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> blog post Hard science tells you like it is

Hard science tells you like it is
Sun, 19 Oct 2008 11:38:16

Any respectable blog has book recommendations. Or should have. This is a bold statement, I know, but someone has to make it. I won't defend it now. I might never. But this IS a respectable blog. No controversy in that statement. So where's the book review? Right under your noses. Read on brothers and sisters:

So I'm reading this collection of transcriptions of lectures of the late Richard P. Feynman. He's supposed to be this hot shot physicist who did cool stuff all over the place. Like, ehh... helping in developing the atom bomb, I just learned from Wikipedia. Way to go! I wouldn't know, cause I hardly know anything about physics. That's why I'm reading this book: 'Six easy pieces, six not-so-easy pieces.' Those pieces are transcriptions from a selection of classes, part of a series of quite famous introductory courses on physics he gave once, called 'the Feynman lectures on physics'.

In general they rock. The easy pieces that is. Very swiftly Feynman paints a picture of the state of physics in the SIXTIES. Yes people, the lectures are THAT old. But then again, science doesn't move THAT fast for him to be obsolete. Neither does physics. Didn't come to the hard pieces yet. Thought it to be smarter to write this now, before having to admit defeat to the three people and the cow that read this blog.

I'm sorry to have bored you with all these facts. Who cares about facts anymore. Lets talk about feelings: The cool thing about this book is that it ties up facts about very obvious things that you never thought about. Example: We're just matter, moved about by forces. There's some matter, and there are a few forces acting on it. And that's it! All of the universe explained! So you've got gravity. That's a force. But not the one that's doing the attracting between atoms. 'What!!!', you scream, 'it's not????'. And I'll reply, plucking an imaginary beard: 'No, that's what electricity is for!'. Mouths fall open. Slowly the crowd gets an applause in motion.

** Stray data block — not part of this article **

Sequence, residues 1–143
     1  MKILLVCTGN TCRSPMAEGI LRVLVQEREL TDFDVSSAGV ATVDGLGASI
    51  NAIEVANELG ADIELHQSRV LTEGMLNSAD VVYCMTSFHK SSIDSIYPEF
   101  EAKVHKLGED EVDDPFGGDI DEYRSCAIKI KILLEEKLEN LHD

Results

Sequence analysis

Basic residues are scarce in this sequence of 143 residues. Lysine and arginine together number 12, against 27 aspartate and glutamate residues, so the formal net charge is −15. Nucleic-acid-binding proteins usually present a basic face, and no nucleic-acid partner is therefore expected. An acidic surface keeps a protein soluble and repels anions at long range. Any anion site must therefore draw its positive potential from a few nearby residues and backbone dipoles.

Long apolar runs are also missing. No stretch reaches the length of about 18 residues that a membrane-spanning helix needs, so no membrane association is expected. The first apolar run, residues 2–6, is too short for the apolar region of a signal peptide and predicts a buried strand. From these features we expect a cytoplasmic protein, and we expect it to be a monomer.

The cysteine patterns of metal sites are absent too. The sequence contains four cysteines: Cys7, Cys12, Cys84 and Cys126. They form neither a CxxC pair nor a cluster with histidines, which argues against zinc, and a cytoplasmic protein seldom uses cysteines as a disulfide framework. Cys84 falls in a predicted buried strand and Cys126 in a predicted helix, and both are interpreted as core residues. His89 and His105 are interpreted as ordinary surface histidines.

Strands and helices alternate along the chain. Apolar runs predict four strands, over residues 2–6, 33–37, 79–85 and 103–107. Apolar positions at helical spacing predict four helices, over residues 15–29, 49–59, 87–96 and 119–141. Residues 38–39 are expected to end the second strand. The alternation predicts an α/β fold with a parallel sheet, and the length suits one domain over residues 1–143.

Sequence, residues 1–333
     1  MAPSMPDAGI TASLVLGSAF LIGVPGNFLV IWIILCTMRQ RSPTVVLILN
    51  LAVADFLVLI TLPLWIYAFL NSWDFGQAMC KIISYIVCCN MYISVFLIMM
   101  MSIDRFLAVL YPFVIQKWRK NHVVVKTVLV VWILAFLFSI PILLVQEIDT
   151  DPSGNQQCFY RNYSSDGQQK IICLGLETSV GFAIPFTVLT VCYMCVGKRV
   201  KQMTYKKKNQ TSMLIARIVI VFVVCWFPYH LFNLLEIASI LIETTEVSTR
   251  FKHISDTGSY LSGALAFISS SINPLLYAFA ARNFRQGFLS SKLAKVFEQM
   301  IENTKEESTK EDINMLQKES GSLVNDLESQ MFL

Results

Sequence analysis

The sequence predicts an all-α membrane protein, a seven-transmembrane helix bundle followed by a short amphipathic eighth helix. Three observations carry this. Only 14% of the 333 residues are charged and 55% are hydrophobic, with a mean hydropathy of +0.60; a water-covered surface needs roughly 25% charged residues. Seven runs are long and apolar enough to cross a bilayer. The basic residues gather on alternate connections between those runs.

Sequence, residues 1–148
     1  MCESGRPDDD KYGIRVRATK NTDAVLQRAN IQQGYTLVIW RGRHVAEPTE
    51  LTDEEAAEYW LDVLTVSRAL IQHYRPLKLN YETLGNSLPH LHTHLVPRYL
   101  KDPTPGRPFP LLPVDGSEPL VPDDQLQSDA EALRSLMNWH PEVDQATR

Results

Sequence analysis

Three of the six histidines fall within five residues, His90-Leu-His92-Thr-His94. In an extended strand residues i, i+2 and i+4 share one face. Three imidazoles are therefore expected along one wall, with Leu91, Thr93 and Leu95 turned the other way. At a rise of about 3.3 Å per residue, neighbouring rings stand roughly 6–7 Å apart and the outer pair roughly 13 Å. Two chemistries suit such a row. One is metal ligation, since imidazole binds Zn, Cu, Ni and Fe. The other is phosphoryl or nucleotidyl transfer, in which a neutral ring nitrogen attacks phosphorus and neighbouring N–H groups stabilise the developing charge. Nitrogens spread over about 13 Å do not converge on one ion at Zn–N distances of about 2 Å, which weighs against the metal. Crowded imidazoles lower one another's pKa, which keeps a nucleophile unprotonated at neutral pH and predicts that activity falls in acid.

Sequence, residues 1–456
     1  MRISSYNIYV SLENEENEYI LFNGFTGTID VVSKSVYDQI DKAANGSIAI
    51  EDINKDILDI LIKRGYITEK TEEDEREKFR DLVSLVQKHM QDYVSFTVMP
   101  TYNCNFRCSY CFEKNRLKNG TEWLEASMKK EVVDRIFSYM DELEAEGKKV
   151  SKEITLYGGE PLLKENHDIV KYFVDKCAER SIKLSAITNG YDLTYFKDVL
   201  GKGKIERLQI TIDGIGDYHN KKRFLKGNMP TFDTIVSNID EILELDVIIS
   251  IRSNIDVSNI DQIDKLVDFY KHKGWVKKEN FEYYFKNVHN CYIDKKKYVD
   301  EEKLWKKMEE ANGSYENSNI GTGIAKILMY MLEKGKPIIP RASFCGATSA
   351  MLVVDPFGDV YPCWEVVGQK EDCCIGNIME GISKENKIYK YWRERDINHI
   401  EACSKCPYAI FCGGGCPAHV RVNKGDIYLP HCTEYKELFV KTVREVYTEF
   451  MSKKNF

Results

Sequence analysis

Oops, some facts crept in. But all this babbling in the paragraphs before, is just introductory static, leading up to this great quote from Feynman from that very book that this post is about; again about electricity:

'More was discovered about the electrical force. The natural interpretation of electrical interaction is that two objects simply attract each other: plus against minus. However, this was discovered to be an inadequate idea to represent it. A more adequate representation of the situation is to say that the existence of the positive charge, in some sense, distorts, or creates a "condition" in space, so that when we put the negative charge in, it feels a force. This potentiality for producing a force is called an electric field. When we put an electron in an electric field, we say it is "pulled".'

'Yea! Well ain't that the truth! Rub it in why don't you!', says our narrator, and he lapses into a fit of inconsolable weeping. Curtain drops. Three mice do a little dance in front of it, after which they go away in search of food. Audience leaves, feeling betrayed.



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